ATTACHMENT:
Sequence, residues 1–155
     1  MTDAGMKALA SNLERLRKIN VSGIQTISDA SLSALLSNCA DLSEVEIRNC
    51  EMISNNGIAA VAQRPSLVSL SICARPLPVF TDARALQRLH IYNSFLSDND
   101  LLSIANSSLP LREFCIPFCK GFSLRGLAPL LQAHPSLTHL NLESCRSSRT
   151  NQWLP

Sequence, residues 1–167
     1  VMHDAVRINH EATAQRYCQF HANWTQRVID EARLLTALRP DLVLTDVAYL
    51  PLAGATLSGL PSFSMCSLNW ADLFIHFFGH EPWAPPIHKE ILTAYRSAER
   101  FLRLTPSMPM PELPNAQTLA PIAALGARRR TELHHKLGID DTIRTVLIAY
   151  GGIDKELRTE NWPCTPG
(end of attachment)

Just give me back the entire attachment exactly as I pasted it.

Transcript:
Sequence, residues 1–155
     1  MTDAGMKALA SNLERLRKIN VSGIQTISDA SLSALLSNCA DLSEVEIRNC
    51  EMISNNGIAA VAQRPSLVSL SICARPLPVF TDARALQRLH IYNSFLSDND
   101  LLSIANSSLP LREFCIPFCK GFSLRGLAPL LQAHPSLTHL NLESCRSSRT
   151  NQWLP

Sequence, residues 1–167
     1  VMHDAVRINH EATAQRYCQF HANWTQRVID EARLLTALRP DLVLTDVAYL
    51  PLAGATLSGL PSFSMCSLNW ADLFIHFFGH EPWAPPIHKE ILTAYRSAER
   101  FLRLTPSMPM PELPNAQTLA PIAALGARRR TELHHKLGID DTIRTVLIAY
   151  GGIDKELRTE NWPCTPG